JAIC 2001, Volume 40, Number 1, Article 5 (pp. 59 to 68)
JAIC online
Journal of the American Institute for Conservation
JAIC 2001, Volume 40, Number 1, Article 5 (pp. 59 to 68)




Regalrez 1094 is used in paintings conservation for saturation and as a top varnish. It can also be used for saturation on furniture. Unfortunately, Regalrez 1094 gets tacky by the warmth of one's hand, thus making it less useful as a top finish. The higher molecular weight grade of Regalrez 1126 does not get tacky when handled and forms an alternative in furniture conservation both for saturation and as a top finish for furniture. Regalrez 1126 can produce a very smooth top varnish with a 20-40% (w/w) solution. Moreover, it is very effective in saturating heavily degraded varnishes; usually only a 10% solution or less is needed. Thus it allows conservators to retain varnishes that might otherwise be removed. Shellac or Paraloid B-72 can be applied on top and taken off without affecting the finish. Because most old varnishes on furniture are polar, applying or reversing a film of Regalrez is likely to cause less damage to the old finish underneath than would be the case with more polar finishes like shellac or Paraloid B-72. Therefore, Regalrez can also be used as a barrier coat between old varnishes and more polar finishes.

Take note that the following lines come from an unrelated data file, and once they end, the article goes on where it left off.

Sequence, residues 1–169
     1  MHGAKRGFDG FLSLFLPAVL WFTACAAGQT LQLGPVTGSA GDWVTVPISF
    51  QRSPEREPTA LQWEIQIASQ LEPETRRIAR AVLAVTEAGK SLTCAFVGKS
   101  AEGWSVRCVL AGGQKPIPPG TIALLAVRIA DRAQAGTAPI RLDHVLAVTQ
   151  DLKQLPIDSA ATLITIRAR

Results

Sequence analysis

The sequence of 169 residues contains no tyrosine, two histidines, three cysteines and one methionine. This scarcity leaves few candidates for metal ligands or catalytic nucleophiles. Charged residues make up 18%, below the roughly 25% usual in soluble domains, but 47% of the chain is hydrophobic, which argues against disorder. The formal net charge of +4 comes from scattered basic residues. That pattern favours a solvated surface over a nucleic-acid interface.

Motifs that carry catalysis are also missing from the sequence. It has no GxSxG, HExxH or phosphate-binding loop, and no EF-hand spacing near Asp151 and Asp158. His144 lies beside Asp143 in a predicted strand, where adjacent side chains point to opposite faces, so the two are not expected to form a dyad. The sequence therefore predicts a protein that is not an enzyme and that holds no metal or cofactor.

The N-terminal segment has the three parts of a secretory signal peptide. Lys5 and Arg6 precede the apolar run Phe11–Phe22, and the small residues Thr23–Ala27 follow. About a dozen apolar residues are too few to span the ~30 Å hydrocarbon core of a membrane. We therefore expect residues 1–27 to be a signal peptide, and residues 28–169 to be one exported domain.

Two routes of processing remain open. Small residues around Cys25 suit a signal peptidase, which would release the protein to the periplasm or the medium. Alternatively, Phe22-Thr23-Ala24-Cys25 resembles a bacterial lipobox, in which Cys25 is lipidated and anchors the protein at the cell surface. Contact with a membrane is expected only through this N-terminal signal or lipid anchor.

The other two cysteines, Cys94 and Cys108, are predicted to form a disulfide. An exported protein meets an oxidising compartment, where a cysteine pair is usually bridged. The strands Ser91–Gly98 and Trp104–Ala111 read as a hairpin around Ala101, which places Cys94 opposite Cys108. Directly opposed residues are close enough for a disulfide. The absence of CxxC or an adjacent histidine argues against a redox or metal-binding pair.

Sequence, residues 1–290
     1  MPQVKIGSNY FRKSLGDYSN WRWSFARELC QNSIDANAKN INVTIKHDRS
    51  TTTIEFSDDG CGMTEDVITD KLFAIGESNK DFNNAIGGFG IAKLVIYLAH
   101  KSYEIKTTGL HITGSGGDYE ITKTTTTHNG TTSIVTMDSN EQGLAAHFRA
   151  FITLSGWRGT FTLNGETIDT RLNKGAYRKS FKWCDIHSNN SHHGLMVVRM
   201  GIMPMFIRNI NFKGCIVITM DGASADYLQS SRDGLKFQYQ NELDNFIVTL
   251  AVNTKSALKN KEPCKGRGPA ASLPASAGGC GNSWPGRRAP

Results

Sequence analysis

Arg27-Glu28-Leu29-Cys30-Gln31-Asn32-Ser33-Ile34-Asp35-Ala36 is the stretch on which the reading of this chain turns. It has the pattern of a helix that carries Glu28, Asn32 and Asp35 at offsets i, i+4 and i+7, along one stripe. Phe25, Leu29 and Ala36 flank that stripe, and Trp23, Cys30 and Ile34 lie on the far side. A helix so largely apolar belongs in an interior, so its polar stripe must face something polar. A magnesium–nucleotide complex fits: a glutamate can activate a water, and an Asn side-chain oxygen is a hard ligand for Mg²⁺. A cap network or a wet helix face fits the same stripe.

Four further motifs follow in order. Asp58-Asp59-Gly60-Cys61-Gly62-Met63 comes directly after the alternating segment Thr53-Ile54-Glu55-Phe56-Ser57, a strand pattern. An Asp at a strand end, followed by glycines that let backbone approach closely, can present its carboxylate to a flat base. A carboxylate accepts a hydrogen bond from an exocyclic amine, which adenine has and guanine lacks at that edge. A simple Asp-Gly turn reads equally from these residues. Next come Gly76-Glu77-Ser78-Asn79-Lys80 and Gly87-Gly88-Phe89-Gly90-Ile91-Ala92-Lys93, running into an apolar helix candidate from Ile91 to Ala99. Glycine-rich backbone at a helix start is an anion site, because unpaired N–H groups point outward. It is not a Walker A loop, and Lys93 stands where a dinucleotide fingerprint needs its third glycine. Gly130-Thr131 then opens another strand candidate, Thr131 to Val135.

Furthermore, because Regalrez is compatible with waxes, Regalrez 1126 is also a good alternative for dammar in wax-resin finishes. Due to the fact that Regalrez easily dissolves when a coat of wax is applied on top, it might not be suitable as a top varnish on furniture in private collections.

Saturating a degraded finish, with whatever material, is by definition irreversible because there is no way one could get the material all out again. Saturation should be undertaken only when the finish would otherwise be removed and with the most stable materials. In this perspective, Regalrez is a better alternative than the more traditional materials and methods used in furniture conservation, such as natural resins, furniture reviver, or melting in a new coat of wax.


The author wishes to thank the following people for their useful comments concerning the article: Jaap Boonstra, Marie Laibinis, Gregory Landrey, Ren� de la Rie, and Ren� Smit and Bob Wherry of Hercules. I also wish to thank Maurice Steemers, Bart Gogherman, Marieke Hengeveld, and Jimya Hoevers for supplying scrap parts of furniture and for their help with the tests.

Copyright � 2001 American Institution for Conservation of Historic & Artistic Works